Reading Responses (Week 4)

Sections Assigned

Liu, Imagination First: Unlocking the Power of Possibility, Part 1: The Premise: 1-39

.The beginning of this reading was rather off-putting. Eloquently descriptive allegories of individuals’ creative ideas being shut down were compared to murder. That kind of hyperbole makes it challenging to want to read the rest of the passage. Although I understand the author is framing these instances as killing the passions and ideas of others, a statement like “murder was committed,” is so cringeworthy. For one, it demeans the severity of death and murder, but it also is a false comparison. In each of these situations, these “killings” of ideas could also be considered setbacks under the right, supportive conditions. Death is finite.

Continuing this theme, there was also a very strange accompaniment to the quote, “The reality is that imagination comes first. Until and unless we have the emotional and intellectual capacity to conceive of what does not yet exist, there is nothing toward which we are to direct our will and our resources.” Although I highly agree with this statement, the author then goes on to use both Nelson Mandela and J.K. Rowling as examples of individuals with vision. It feels tacky to compare the legacy of an individual who envisioned a multiracial democracy during apartheid to a single mother on welfare who wrote about wizards and became the creator of a major media franchise.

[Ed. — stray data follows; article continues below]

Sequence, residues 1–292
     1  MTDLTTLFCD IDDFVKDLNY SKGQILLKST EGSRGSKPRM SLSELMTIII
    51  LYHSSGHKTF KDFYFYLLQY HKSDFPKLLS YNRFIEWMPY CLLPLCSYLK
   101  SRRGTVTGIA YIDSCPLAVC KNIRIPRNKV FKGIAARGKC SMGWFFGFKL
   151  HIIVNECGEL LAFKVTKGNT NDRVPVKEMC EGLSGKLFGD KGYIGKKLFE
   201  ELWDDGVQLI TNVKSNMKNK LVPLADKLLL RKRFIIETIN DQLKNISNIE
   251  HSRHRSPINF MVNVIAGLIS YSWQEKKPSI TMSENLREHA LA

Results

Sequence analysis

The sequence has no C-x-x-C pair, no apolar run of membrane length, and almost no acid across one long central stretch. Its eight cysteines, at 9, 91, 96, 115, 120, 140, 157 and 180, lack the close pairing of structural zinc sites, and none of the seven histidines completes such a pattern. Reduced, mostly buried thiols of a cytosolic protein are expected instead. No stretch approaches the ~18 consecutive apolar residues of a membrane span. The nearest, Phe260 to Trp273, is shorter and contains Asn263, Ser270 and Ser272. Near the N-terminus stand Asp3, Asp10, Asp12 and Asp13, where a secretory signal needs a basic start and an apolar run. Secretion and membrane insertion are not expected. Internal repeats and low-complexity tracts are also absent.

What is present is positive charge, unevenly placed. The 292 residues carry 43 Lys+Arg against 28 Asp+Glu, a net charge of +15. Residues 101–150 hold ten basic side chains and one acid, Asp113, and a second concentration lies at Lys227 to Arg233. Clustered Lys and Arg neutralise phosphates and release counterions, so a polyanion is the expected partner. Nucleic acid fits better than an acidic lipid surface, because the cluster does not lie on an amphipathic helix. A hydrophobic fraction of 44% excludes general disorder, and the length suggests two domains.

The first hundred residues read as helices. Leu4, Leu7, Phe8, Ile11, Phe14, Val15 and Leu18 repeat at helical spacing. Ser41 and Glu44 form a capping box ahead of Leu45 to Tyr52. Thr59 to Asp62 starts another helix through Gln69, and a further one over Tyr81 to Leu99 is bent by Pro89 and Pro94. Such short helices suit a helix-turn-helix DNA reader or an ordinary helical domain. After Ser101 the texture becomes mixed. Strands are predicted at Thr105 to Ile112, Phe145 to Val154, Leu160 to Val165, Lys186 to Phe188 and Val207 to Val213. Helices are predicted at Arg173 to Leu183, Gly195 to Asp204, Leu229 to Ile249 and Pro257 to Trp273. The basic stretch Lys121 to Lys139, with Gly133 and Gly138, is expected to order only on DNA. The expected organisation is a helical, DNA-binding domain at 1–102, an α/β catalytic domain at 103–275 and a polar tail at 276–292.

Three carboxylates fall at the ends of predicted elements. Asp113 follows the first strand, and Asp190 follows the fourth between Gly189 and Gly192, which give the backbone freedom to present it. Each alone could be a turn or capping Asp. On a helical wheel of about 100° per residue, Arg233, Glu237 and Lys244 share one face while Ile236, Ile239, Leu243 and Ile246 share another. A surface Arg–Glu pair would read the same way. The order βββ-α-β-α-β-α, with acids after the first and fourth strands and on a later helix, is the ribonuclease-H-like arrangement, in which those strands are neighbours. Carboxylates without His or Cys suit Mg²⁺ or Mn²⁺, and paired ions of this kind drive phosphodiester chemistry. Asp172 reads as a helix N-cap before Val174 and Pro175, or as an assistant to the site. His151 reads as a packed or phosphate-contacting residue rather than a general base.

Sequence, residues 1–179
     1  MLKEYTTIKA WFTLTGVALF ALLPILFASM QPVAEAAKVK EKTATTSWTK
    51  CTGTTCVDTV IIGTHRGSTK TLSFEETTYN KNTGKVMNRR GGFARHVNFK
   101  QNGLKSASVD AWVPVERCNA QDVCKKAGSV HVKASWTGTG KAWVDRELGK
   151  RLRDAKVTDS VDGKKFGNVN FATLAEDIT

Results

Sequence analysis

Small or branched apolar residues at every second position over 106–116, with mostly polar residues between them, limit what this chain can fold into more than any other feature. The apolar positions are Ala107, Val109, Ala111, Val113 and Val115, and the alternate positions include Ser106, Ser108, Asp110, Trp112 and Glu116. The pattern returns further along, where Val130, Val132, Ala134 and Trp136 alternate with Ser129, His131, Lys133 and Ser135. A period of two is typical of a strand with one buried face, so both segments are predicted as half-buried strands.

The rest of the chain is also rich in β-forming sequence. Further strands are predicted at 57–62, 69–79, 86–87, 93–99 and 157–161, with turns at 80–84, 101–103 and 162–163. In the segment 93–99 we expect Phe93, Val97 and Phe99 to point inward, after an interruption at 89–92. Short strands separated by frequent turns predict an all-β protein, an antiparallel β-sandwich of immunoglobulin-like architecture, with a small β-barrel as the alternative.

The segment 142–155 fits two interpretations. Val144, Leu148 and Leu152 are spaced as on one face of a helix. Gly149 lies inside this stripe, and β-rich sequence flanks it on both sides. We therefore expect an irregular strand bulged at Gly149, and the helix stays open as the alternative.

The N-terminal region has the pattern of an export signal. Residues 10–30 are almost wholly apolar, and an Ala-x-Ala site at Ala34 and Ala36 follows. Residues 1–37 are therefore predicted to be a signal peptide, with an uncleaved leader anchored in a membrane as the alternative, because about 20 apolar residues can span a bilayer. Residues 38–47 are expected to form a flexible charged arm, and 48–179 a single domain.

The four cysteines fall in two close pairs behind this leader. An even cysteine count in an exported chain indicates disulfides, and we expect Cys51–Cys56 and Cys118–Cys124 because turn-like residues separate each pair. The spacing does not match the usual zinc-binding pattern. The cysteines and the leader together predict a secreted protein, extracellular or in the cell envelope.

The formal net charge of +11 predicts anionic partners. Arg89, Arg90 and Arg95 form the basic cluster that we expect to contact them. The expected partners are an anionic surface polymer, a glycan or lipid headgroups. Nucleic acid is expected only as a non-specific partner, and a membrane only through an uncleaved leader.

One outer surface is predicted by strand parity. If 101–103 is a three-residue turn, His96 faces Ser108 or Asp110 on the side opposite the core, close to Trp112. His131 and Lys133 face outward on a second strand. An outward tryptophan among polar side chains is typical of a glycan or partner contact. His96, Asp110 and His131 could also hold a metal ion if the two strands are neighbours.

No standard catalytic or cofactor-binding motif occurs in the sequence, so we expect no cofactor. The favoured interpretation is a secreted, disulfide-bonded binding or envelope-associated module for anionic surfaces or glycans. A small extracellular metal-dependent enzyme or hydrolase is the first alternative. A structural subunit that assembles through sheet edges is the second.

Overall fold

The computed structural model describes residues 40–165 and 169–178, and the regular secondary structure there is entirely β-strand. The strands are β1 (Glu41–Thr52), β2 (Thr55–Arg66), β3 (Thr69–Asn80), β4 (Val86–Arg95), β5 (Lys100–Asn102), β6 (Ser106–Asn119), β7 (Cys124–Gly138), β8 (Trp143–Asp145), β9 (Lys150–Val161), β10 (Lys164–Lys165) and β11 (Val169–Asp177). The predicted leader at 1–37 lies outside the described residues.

But, seeing as this is an assignment, I must continue.

I was excited to see Geoffrey Canada’s work come up in the passage. I am a huge fan of his model and would love to see it replicated across the country.

I also support the sequence of inherent imagination leading to creativity and then innovation. I feel like this concept helps break down the concept of creative people and not creative people. We can all imagine, dream, think. It is the application of these thoughts that institutes creativity. That means some effort needs to be spent. Failure must occur and we must learn.

The author continues by saying “imagination can’t be taught,” which is relatively true in my opinion. Imagination, like strength, memorization, or flexibility, requires a willingness to try to expand. Growing one’s capacity to imagine requires intrapersonal and often interpersonal support. By continuing to stretch ones ideas and push concepts further, one can imagine more fully.

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